[show abstract][hide abstract] ABSTRACT: Over the second half of the 20th century a number of divergences and convergences of mortality schedules were observed across the world. Some of these developments remain incompletely understood. In recent overviews of old-age female mortality Mesle and Vallin (2006, Population and Development Review) and Rau, Soroko, Jasilionis, and Vaupel (2008, Population and Development Review) describe two contrasting patterns of mortality change between the mid-1980s and the end of the 20th century: a pattern of a large decrease in mortality exhibited by France and Japan and a pattern of a smaller decrease, stability or a certain increase in mortality shown by Denmark, the United States and the Netherlands. No satisfactory explanation of this phenomenon has been proposed so far. This paper shows that the divergence is, to a very significant extent, due to the differential impact of smoking related mortality on female populations of France and Japan versus Denmark, the United States and the Netherlands. The end to the diverging trends is demonstrated. Other lifestyle factors potentially implicated in the divergence are also discussed.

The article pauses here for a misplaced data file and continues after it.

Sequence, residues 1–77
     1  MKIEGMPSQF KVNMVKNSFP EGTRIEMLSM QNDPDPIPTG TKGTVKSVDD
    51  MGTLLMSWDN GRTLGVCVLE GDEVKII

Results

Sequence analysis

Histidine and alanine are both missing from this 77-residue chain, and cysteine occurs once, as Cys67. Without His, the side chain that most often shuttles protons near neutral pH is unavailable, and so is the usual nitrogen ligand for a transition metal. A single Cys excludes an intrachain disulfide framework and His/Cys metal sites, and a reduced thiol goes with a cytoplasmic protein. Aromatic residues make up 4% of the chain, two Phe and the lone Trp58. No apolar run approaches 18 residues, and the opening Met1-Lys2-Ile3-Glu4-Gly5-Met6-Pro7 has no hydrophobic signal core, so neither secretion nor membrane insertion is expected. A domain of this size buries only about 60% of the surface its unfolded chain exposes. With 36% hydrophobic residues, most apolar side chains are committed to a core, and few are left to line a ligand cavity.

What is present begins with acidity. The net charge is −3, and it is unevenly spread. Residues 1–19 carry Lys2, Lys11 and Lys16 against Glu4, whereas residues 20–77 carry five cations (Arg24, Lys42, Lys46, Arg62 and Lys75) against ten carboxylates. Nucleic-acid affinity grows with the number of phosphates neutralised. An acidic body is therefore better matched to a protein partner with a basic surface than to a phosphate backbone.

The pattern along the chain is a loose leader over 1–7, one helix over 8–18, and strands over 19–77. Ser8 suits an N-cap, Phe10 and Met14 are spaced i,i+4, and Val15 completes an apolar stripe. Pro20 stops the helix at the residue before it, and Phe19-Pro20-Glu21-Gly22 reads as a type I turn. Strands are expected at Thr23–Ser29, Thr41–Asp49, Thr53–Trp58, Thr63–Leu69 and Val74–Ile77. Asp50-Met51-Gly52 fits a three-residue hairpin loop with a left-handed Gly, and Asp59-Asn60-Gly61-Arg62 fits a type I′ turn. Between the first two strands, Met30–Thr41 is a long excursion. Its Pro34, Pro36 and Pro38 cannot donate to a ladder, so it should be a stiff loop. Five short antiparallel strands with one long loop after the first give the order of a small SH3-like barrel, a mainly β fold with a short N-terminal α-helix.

[show abstract][hide abstract] ABSTRACT: Since the establishment of Israel sex differentials in life expectancy at birth exhibited by Israeli Jews have been very low in comparison to other developed countries as a result of relatively high male and relatively low female life expectancy. To advance understanding of this phenomenon this paper explores cause-specific contributions to the difference in life expectancy between Israeli Jews and Western countries, for each sex, and to sex differentials in mortality in both populations. We quantify the major types of behaviourally induced mortality to show that it is especially low among Israeli Jewish males. We also investigate mortality in certain subgroups of Israeli Jews to gain a better understanding of female mortality in this population.